This week, science fans, the small matter of life on Earth as we know it. You have probably heard of the Cambrian explosion, that point about 540 million years ago when multicellular life suddenly appears in the fossil record. For the previous 3 billion years or so all life on the planet had been comprised… Read More On Algae, And How They Terraformed The Earth
You may remember last year when the USDA approved a field trial of genetically modified mosquitos in Florida. Although there were the usual ideologically opposed protests the trial is progressing. Well, last week the USDA approved another field trial of a GM insect, this time the diamondback moth. The diamondback moth is an invasive species… Read More USDA Approves Release Of Genetically Modified Moth
Why do we help others? More specifically, why do we help others that are not related to us? What do we get out of it? Evolutionarily speaking it doesn’t make any sense. Every organism in nature seems to be entirely focussed on doing whatever it takes to reproduce their own genes, and yet humans can… Read More Human Altruism: Social Construct or Hardwired Behaviour?
Two astronomical updates for you today; one good, one bad. Let’s start with the bad news. Two faulty helium valves on the Juno spacecraft mean that it is unlikely that it will be able to make the super close orbits that had been intended. The plan was that Juno’s elliptical orbit would be ever curtailed… Read More Jupiter Update: Good News and Bad News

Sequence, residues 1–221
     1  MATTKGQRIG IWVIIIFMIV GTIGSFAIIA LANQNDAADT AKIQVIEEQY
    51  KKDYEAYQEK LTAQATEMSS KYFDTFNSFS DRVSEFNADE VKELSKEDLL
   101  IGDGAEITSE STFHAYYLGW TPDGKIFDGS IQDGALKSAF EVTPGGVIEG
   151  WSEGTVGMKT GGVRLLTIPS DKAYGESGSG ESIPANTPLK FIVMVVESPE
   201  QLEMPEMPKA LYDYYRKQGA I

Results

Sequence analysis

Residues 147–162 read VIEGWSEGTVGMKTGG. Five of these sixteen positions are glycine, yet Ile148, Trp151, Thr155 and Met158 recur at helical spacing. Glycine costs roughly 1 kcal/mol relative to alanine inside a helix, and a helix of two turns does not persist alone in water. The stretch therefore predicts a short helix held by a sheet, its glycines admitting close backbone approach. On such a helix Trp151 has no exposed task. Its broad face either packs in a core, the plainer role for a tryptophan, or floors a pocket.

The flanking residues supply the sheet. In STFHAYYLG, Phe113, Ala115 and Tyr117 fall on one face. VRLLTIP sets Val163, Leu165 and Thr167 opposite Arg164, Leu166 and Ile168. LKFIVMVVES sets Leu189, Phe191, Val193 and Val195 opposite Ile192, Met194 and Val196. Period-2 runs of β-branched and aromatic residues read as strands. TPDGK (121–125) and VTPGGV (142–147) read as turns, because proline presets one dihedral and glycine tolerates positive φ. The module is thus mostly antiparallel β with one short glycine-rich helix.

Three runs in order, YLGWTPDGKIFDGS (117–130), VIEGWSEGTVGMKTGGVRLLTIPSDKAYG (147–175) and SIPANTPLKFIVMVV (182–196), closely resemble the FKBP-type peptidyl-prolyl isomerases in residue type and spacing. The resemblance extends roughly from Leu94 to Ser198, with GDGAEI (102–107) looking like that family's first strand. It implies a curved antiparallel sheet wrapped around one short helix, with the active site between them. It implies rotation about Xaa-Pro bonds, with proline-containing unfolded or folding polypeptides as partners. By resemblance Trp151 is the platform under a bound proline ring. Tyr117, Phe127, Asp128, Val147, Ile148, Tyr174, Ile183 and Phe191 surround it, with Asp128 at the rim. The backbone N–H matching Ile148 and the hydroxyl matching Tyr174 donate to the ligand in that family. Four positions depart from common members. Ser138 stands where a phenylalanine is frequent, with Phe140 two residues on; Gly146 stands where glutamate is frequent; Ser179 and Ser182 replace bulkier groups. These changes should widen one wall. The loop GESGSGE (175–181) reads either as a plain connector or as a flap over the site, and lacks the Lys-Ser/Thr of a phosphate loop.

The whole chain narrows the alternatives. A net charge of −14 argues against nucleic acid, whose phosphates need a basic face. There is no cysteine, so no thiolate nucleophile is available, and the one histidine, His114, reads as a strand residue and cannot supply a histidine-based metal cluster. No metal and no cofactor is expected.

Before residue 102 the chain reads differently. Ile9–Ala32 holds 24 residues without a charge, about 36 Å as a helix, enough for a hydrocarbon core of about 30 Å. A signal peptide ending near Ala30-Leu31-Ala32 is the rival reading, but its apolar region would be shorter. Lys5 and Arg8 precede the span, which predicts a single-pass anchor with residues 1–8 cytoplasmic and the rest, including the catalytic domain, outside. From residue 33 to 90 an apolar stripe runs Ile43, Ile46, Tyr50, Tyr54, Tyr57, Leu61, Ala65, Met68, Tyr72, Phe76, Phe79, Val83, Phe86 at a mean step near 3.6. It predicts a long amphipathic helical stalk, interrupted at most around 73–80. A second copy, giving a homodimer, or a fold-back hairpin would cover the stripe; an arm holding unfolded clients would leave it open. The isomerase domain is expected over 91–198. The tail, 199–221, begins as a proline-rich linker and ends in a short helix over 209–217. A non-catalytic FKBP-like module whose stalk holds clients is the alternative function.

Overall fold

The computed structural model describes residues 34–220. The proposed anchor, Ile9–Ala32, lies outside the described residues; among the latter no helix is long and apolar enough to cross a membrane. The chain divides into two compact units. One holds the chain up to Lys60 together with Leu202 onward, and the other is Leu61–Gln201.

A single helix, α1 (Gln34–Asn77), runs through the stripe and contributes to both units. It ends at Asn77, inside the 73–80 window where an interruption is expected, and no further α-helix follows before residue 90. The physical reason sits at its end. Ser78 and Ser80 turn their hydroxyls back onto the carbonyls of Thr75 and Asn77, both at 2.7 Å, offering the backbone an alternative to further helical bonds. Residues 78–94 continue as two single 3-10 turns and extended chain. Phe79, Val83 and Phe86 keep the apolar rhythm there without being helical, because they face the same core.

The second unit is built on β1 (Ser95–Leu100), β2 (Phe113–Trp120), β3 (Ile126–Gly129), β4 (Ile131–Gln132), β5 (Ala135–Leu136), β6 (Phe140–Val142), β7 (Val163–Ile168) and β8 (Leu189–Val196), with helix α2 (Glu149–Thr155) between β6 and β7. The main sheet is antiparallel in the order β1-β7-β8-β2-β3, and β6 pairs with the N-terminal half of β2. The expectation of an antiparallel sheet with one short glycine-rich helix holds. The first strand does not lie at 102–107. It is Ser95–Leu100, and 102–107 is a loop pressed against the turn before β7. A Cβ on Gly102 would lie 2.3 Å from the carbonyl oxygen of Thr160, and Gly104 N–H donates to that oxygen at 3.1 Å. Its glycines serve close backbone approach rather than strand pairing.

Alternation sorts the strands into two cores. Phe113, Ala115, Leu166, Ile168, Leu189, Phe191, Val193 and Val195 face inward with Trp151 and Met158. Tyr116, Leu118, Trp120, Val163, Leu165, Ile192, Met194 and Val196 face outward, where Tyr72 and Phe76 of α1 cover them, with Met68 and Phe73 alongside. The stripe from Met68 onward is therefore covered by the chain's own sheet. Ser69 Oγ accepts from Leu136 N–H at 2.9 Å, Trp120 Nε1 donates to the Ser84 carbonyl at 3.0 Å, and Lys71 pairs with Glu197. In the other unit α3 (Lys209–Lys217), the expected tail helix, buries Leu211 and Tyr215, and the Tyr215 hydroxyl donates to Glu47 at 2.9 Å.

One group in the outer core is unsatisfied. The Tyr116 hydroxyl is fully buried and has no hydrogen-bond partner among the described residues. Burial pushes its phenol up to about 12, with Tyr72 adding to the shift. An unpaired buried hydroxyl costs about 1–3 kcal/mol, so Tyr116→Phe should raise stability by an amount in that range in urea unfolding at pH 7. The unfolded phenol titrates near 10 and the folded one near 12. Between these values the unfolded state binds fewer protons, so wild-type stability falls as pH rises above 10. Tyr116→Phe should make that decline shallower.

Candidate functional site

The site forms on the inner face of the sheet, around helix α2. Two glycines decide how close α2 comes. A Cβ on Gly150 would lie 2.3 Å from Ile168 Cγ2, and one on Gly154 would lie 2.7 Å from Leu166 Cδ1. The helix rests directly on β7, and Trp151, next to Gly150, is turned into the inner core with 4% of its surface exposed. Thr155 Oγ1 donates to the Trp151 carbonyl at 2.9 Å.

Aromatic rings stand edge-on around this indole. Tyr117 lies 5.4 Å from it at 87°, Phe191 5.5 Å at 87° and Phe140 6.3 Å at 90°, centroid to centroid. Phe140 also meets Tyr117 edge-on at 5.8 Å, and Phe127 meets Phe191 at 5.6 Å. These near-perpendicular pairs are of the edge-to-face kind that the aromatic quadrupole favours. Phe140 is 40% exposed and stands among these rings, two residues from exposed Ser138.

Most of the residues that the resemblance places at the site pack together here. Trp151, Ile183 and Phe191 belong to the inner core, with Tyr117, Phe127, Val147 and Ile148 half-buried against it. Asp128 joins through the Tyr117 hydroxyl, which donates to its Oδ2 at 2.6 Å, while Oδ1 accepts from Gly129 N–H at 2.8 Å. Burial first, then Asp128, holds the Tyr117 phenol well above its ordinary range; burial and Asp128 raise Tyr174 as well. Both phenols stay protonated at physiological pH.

Two days ago I blogged about the exciting discovery of a planet orbiting Proxima Centauri. One point that I had intended to make but forgot to mention was what impact it may have on the Drake equation. The Drake equation is a thought experiment created by Frank Drake, an astronomer from the US. He has… Read More The Drake Equation
It has been just over a decade since the Cassini space probe first detected the plumes of Enceladus, the 6th largest moon of Saturn. Back then it was a huge surprise to us all, no one was expecting geological activity in the icy depths of the far solar system. Since then we have learnt all… Read More Enceladus: A Fond Farewell
Interesting news. Scientists have potentially discovered the hallmarks of the earliest ever life on earth. It takes the form of tiny particles of 12carbon-rich graphite in a crystal of zircon. The crystal was taken from Jack Hills in Australia, famous for the age of its rocks, and is only 70 or so microns across. Of… Read More Ancient Crystal Could Push Back Record of Life by Hundreds of Millions of Years